This was originally started as a response to this blog, which you simply MUST go read. It's a bit long for the comments section though. So here it is:
Well, my bad dog is not quite as bad as Piney, but yeah, he's mine. For as long as I can possibly have him.
Jared is one of our four dogs. He's a German Shepherd mix, mixed with what we're not sure, but there's probably some boxer and some hound in there somewhere.
When we met Jared he was in a no-kill humane rescue. He had been in their program over a year, and they were looking for a new foster family for him, after he had already been through a couple of them. You see, Jared has a problem. He is absolutely terrified of strangers in general, but specifically men. More specifically large men. We're pretty sure he's remembering the abuse of wherever he was before he came to the rescue.
He doesn't bite. We're thankful for that. But he does do a pretty darned good impersonation of a dog who's about to bite. He barks, he growls, he lunges, he scares pretty much everyone who doesn't know him half to death.
When we brought him home, just as a foster, he had other plans. He moved right in and made himself at home. He spent the first few weeks with us hiding under the computer desk curled up on my feet. Every time the hubby came home (who definitely fits his fear profile) Jared would bark and growl and go nuts. Gradually it became less. Now he'll sleep on Grump's lap from time to time. He's still wary, but seems to have made peace.
When we have people over, they have to meet the dogs one at a time. First comes Vali, our gentle giant and friendly ambassador German Shepherd. This dog wouldn't hurt a fly. I take that back -- I taught him to hunt flies. But he's great with people and other animals.
Next comes Masha, our Siberian Husky with food allergies (minor compared to Piney's!). If there's any danger to meeting Masha it's simply that she may someday drown someone with her kisses. She's never met anyone she doesn't love.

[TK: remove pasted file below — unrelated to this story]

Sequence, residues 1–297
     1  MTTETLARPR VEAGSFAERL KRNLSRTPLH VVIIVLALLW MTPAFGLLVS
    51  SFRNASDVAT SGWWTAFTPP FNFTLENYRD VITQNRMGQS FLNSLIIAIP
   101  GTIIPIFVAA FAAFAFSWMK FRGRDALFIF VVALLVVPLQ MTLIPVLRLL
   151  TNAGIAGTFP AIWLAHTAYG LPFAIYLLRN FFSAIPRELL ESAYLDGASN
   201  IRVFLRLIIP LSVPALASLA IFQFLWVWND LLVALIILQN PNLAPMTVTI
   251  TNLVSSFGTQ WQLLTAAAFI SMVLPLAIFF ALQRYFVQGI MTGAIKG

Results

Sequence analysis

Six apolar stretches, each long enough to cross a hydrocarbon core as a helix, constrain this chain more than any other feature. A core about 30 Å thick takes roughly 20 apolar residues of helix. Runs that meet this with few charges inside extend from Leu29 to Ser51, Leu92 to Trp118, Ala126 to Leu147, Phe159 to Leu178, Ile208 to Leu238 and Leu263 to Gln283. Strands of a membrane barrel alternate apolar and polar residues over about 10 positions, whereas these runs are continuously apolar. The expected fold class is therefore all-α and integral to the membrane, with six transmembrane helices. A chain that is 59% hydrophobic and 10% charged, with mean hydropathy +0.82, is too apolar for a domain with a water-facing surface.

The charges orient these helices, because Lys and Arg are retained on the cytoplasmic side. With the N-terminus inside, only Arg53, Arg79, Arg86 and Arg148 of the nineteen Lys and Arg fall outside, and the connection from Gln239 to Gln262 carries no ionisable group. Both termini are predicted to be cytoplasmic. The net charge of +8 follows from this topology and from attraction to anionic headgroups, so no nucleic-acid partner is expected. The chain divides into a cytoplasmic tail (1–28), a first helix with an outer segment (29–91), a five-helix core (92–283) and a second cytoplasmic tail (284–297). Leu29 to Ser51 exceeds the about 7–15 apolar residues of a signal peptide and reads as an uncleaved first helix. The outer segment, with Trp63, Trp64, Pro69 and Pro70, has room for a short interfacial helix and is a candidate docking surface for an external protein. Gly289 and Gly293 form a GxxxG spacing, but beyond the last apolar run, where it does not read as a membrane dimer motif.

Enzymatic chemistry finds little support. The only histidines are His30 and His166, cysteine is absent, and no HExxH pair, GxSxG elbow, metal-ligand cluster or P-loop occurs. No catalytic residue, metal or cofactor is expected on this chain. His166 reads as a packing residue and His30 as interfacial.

Then there's Donovan. Donovan is my perpetual puppy. He's only about 30 lbs (small compared to the others) and has very rounded, puppy-like features. He barks, but he's so cute that noone is scared. Within a minute he's done all his sniffing and settled down, probably in the nearest lap.
Last comes Jared. Jared comes with a preface. "Don't be afraid of him," I tell them. "He doesn't bite." They assure me that they're not afraid, and I grab the leash and head for the bedroom where Jared is not so patiently waiting. Out comes Jared. He's barking, practically foaming at the mouth and trying to get away from me with every ounce of his 60-some pounds. I use the leash because his reaction is the same with or without it, but sometimes it makes the guests less afraid. And that is the key.
Every now and then a guest will be truly not afraid. Jared will bark a couple of times, the guest will stand their ground, and he'll quiet down. Then things are fine. The leash goes away and Jared goes and finds somewhere to lounge. Until they move. Then again with the barking and the craziness. It's rare that anyone makes it through an entire visit without seeing his bad side, though it has happened once or twice.
Obviously Jared is no longer a foster dog. He's won my heart. He thinks I am the world, and it's hard not to love him back. Sometimes he just comes up to me and lays his head in my lap and looks up at me, stubby tail twitching with joy. As I type this, he's laying beside me on the bed, twitching his paws in some fantastic doggy dream.
It scares me that if we lose the house (due to two lay offs within the past few months, that's a real possibility) I may lose him. If we have to go rent a place, I can't imagine that they'd allow us to keep him. He'd have to go back to the rescue where we got him. Nothing will break my heart more, so for now I'm praying that somehow we'll be able to stay where we are and keep the whole family, furry parts included, with us.